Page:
Small Annoyances Designed to Maximize Profits Really Add Up to Making the Lives of Homeless People Even More Unbearable
Intro to marketing teaches the concept of making your business comfortable enough that people don’t complain but not so comfortable they want to linger. This is especially a concern for restaurants, who want to flip tables quickly and get more paying customers in the door rather than host people lingering in conversation over their last cup of coffee. Bright colors, loud music, and seating that’s just comfortable enough are some of the common tactics businesses employ to keep people moving and profits high.
This isn’t something we typically notice when spending only a few hours a day in these spaces. But every minor annoyance like this is magnified for unhoused people who rely on these spaces as a lifeline. When you have no home to retreat to, the constant blaring of music, bright lights and colors, and the inability to sit or lie comfortably for days or weeks becomes an assault on the senses.
Is It Really That Big of a Deal?
Those of us who spend a maximum of a couple of hours out of the day navigating public or commercial spaces like this may still be struggling to see how all this affects someone in these spaces nearly 24/7.
One simple example to underscore what this feels like is to remember the last time you laid down. Whether on the couch after work, in bed this morning, or on the floor roughhousing with the dog, it probably wasn’t too long ago. And it was relaxing, right? With no fear of being watched, approached by a stranger with unknown intent, or being forced to move along?
For unsheltered people, just finding a space to lay their body down horizontally and not have the cops called on them for it is an eternal struggle. Depending on your situation and location, it may be days or weeks before you’re in a spot where it would be socially acceptable to lay down and just rest for a while – to stretch out all your muscles and relax them, letting your whole body be supported at once.
Stealing a few moments of shuteye while sitting on a bus or in a coffee shop can never compare to the restorative power of laying down for a night of sleep. And this is just one example of how the lack of comfortable public spaces can affect a person!
Why Is Everywhere Like This?
A big part of the problem in the United States is that we need more truly public spaces. The “public” spaces we usually think of are often private businesses open to the general public. This means that their environment is carefully crafted not to encourage the well-being of those using the space but simply to enhance profits.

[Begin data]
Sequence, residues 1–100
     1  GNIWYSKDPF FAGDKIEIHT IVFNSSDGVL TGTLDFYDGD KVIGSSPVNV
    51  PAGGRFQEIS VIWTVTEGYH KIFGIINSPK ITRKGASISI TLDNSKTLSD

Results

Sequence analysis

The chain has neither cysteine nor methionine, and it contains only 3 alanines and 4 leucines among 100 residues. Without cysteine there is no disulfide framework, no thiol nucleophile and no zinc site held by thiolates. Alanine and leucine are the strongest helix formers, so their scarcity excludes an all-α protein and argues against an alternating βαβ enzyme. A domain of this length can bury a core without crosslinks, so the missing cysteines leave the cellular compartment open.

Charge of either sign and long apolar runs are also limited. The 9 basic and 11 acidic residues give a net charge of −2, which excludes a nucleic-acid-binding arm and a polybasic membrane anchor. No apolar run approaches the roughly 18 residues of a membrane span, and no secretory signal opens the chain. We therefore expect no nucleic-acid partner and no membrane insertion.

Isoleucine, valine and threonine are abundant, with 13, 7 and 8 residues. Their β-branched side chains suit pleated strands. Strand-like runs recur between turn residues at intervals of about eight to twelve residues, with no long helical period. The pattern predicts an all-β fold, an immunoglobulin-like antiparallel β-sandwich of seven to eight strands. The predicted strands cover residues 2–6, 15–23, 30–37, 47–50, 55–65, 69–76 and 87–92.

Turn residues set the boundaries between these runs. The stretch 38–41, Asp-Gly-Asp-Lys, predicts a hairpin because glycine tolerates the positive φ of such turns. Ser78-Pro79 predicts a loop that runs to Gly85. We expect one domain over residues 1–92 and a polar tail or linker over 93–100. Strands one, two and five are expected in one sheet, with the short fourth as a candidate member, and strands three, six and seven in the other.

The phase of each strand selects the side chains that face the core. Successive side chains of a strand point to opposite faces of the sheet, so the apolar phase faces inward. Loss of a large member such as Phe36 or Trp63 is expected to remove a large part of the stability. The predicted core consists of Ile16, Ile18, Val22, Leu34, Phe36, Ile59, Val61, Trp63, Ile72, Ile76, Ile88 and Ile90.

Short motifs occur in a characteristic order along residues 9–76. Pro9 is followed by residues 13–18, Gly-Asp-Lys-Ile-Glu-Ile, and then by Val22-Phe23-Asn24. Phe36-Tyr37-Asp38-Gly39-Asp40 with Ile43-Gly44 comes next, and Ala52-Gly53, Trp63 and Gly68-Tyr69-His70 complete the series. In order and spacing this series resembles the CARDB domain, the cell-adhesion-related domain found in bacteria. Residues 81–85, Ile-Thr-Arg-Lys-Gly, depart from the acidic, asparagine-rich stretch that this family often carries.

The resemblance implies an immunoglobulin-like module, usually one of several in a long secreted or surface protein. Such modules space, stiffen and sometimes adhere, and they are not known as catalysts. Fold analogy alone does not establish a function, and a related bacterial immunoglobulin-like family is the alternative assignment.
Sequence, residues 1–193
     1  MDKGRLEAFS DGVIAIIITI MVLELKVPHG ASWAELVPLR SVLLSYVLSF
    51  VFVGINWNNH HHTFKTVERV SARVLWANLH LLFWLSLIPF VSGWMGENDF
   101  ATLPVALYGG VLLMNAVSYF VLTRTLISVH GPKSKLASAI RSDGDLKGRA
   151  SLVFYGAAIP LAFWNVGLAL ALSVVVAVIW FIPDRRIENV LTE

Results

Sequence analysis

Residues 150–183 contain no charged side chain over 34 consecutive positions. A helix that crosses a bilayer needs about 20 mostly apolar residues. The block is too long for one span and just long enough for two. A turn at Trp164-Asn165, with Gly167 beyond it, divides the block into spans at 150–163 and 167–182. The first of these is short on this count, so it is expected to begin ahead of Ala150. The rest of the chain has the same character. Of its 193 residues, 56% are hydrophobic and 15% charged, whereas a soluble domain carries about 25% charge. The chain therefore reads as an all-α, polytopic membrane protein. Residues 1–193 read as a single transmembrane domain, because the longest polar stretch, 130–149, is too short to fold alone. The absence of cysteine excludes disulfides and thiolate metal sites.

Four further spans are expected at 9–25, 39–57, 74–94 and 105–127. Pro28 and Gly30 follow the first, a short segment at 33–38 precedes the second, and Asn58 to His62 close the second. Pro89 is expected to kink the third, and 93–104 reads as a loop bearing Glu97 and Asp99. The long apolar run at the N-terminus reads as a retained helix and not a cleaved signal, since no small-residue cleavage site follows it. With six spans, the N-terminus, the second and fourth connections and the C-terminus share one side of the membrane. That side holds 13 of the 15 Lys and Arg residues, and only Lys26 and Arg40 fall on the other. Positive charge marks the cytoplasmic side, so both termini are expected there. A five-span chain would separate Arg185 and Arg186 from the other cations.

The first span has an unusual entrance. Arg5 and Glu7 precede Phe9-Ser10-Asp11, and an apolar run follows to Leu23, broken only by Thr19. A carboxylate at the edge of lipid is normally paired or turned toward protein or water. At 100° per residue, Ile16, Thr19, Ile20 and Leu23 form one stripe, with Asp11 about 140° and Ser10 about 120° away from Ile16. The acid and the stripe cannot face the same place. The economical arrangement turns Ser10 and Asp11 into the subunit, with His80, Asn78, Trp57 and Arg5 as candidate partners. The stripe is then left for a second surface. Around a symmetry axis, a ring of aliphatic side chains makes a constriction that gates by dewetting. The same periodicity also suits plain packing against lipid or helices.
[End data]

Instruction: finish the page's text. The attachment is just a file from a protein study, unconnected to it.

For large businesses, these decisions are decided by focus groups and intensive testing miles away and filtered out to locations across the nation. People’s actual needs in certain communities never factor into the decision-making process.
Even the few truly public spaces we have left are increasingly policed and made hostile to unhoused visitors, who are also part of the public and entitled to use those spaces just as much as anyone else is.
Parks install benches with “armrests” designed to keep people from lying down on them. Libraries employ security or police to wake and eject people who fall asleep after hitting the books a little too hard. Encampments are swept from sidewalks and beaches to prioritize the casual user’s needs over those with nowhere else to go.
Having available public spaces that were actually comfortable would benefit all of us, whether we’re housed right now or not. These “third places” are vital for fostering community, exchanging ideas, and building relationships with people outside our homes or work environments. They’ve been severely lacking in American cities for quite a while now. Still, we’re not seeing much mobilization surrounding it for much the same reason we were all content to watch public bathrooms disappear.
In general, we’ve shown ourselves to be quite willing to sabotage our well-being and comfort as long as someone else has it worse.
Where Do We Go from Here?
Comfortable public spaces designed to meet the community’s specific needs are invaluable for unhoused and housed people. If we want more spaces like this in our towns and cities, we’ll have to petition our legislators and let them know we’d like more spaces set aside for public use.
We’ll also need an attitude adjustment when it comes to housed people feeling like they have more of a right to be comfortable in public spaces than unhoused people do.
Right now, a housed person being uncomfortable with the mere presence of an unhoused person in a shared space is enough to have the unhoused person ejected with nowhere else to go. Challenge yourself to extend a little more grace and compassion to your neighbors and remember that they have an equal right to the space. Remember that weird is not the same thing as dangerous. And if you see someone doing an activity you think seems odd or out of place, it’s most likely innocuous and won’t affect you in any way.
Maybe you would never wash your face in a library bathroom and find it strange if someone else did, but you can simply mind your own business.
And if you can’t do any of that, if you’re in a public space and feel the rising need to dictate what other people can and can’t do there, even when it’s not hurting anyone else- remember that you have a home to go back to where you can lock the door and forget any of this ever happened. Go there.